Explain about Magnetic flow meter?


#1

Magnetic flow meter

Principle:

The operation of a magnetic flowmeter or mag meter is based upon Faraday’s Law, which states that the voltage induced across any conductor as it moves at right angles through a magnetic field is proportional to the velocity of that conductor.

Faraday’s Formula, E =C x V x B x L

where: E = The voltage generated in a conductor, C= Constant,
V = The velocity of the conductor, B = The magnetic field strength L = The length of the conductor

To apply this principle to flow measurement with a magnetic flowmeter, it is necessary first to state that the fluid being measured must be electrically conductive.

As applied to the design of magnetic flowmeters, Faraday’s Law indicates that signal voltage (E) is dependent on the average liquid velocity (V) the magnetic field strength (B) and the length of the conductor (L) (which in this instance is the distance between the electrodes).

Construction:

  • The magnetic flowmeter consists of an electrically insulated or non conducting pipe such as fiber glass.

  • A pair of electrodes mounted opposite to each other and flush with the inside walls of its pipe

  • Magnetic coil mounted around the pipe so that a magnetic field is generated in a plane mutually perpendicular to the axis of the flowmeter body and to the plane of electrodes.

  • If a metal pipe is used, an electrically insulating liner is provided to the inside of the pipe. A cut way view of the magnetic flow meter is shown in Fig. 1.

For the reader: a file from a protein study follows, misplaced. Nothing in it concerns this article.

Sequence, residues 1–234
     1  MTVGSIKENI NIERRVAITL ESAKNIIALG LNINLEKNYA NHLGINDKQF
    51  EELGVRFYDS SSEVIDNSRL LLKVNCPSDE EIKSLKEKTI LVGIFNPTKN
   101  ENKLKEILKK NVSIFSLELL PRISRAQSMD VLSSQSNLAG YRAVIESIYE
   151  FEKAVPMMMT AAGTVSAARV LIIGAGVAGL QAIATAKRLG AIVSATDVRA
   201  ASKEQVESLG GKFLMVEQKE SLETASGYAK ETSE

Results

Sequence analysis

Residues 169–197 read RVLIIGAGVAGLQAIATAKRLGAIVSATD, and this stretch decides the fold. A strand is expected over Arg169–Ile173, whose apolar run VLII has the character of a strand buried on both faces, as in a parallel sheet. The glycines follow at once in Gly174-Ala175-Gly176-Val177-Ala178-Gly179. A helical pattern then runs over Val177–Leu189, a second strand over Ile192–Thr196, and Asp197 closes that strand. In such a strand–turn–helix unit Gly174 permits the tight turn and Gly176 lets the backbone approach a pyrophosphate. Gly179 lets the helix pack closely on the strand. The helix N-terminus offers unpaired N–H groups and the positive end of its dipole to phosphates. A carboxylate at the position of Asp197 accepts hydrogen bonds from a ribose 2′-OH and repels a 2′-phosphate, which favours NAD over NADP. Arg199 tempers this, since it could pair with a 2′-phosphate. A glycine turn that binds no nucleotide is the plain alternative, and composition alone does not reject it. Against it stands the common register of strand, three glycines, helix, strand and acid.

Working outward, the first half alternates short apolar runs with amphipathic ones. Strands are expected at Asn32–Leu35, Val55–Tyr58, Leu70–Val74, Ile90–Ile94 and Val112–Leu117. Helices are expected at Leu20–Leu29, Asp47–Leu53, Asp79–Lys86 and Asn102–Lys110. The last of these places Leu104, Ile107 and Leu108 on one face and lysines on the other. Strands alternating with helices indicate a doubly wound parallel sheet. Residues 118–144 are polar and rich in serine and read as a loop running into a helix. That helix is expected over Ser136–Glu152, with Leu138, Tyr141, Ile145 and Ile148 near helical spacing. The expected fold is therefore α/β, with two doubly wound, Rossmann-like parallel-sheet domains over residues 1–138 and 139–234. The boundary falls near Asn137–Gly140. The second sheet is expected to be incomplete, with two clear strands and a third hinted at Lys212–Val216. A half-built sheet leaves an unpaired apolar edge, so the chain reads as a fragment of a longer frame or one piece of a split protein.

• Flowing liquid acts as the conductor, the length L is the distance between the electrodes and equals to the pipe diameter.

  • The magnetic coils may energized either by AC or DC voltage, but the recent development is the pulse DC-type in which the magnetic coils are periodically energized.

Working:

  • As conductive fluid passes through the electrodes and magnetic field, voltage is generated at tip of electrodes.

  • Magnetic meters are available in sizes from 2.54 to 2540 mm in diameter, with an accuracy range ±1/2 to ±2%. The rangeability of such meters may be 30:1, however, normally accepted range is about 20:1. The measurement of these meters are independent of viscosity, density, temperature and pressure.

  • In a new design of magnetic flowmeter, it can be inserted into the line through couplings. It consists of electrodes mounted on each side of the probe and magnetic coils which are also integral to the probe. The probe can be mounted on pipes of any size, and can easily be mounted for open channel flow.

Advantages:

  • They consist of no moving parts; hence there are no restrictions to the flow.

  • They are competent enough to measure intricate and corrosive liquids and slurries.

  • Moreover, they are capable of measuring forward as well as reverse flow with the same accuracy.

  • Initial designs of electromagnetic flowmeters involved high power consumption and zero meter settings (i.e. no flow to initially set the meter to zero). However, advanced designs have eradicated all these problems. New Pulse-type excitation techniques have reduced power consumption to a great extent. Zero meter settings are also no longer mandatory

Disadvantages:

  • It is relatively expensive.
  • It works only with fluids which are adequate electrical conductors.
  • It is relatively heavy, especially in larger sizes.
  • It must be full at all times.
  • It must be explosion proof when installed in hazardous electrical areas.